The Perceptions of Pregnancy blog, like the Researchers’ Network, aims to reach beyond boundaries and borders, and to facilitate an international and interdisciplinary conversation on pregnancy and its associated bodily and emotional experiences from the earliest times to the present day. Today’s post from Ciara Meehan explores women’s magazines as sources of information about pregnancy in a pre-digital age.
When I was fifteen, I had intercourse. I’m nineteen now and though I get periods regularly I wonder if I could become pregnant as a result of what happened then.
When I was twelve years old my brother and I did something very wrong. Only a year later did I realise how wrong it was. That is five years ago now and I never told my mother. I have regular periods, but fear that I might become pregnant as a result of what happened. I have symptoms which worry me greatly … Do you think I might have cancer?
I am sixteen and something wrong happened me when I was about twelve. I didn’t know then that it was wrong and now I worry, as my ankles swell and I notice my eyes get black. I have regular periods, but could I have some infection? I’m afraid to tell my mother. Could I be pregnant?
These three letters, written by teenagers who feared pregnancy years after intercourse, are deeply disturbing. They reveal a complete lack of understanding about how pregnancy occurs and the length of the gestation period (while also implying, in one case at least, that sexual abuse took place). Letters about becoming pregnant after a significant length of time are not a regular occurrence in the Irish women’s magazines of the 1960s that I have been examining for my current project, but they do speak to a bigger, more frequent issue – complete bewilderment about pregnancy.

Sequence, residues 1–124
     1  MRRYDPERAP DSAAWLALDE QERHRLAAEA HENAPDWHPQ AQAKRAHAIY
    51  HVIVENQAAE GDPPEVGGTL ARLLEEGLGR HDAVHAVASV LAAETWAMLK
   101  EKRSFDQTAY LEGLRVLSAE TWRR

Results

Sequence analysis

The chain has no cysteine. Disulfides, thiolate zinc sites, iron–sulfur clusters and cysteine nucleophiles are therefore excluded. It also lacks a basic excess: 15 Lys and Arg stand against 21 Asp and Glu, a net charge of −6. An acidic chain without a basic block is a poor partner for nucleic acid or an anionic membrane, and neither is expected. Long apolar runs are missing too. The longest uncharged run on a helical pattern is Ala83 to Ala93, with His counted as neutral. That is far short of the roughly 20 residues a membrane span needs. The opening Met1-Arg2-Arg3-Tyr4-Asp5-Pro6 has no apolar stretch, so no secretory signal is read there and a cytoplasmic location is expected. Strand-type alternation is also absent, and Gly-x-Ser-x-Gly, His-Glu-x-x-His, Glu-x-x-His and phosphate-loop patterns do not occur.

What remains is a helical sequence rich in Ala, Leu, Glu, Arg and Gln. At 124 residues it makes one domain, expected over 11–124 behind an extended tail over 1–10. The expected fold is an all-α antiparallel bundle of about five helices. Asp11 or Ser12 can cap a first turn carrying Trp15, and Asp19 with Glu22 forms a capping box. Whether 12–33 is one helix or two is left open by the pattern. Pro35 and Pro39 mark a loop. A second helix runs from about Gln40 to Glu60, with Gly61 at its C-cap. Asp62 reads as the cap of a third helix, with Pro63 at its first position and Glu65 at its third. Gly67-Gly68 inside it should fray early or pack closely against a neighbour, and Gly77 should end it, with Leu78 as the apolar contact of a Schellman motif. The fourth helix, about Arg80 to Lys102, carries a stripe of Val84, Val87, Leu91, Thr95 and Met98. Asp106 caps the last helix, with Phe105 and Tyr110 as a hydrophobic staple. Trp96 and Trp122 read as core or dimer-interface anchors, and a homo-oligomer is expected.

Unnecessary stress and worry, such as that experienced by the seventeen-year-old who worried that she might have cancer, was the result of boys and girls entering adulthood with a hazy knowledge of the facts of life. Letters to the advice columnists in the magazines reveal that girls were concerned about pregnancy resulting from a whole range of activities that did not result in intercourse, including close dancing, passionate or French kissing, and masturbation. But it was not just teenagers and younger adults who benefited from or turned to the magazines for advice and guidance. ‘Is it possible to become pregnant when intercourse takes place at the beginning or up to the third day of menstruation?’, enquired one forty-five-year-old woman.
The internet age has placed a wealth of information at our fingertips. Though not always accurate, it does at least provide a discreet location for us to search advice on the issues troubling us. Google’s intuitive search engine anticipates completing ‘Am I’ with ‘pregnant’, indicating the popularity of this as a search term. Women’s magazines were arguably an earlier version of the Google search engine, and they potentially offered readers, like the three quoted above, some reassurance and comfort when they had no one else to turn to.
While advice columnists did not have the space to provide detailed information, regular readers could piece together vital information. Instances of women clipping information from the magazines meant that some were creating their own home-versions of advice manuals. In addition to the advice columns, the magazines also sometimes carried health columns that provided further guidance on topics such as menstruation and fertility. Woman’s Choice, for example, ran a series of sex education features in November and December 1968.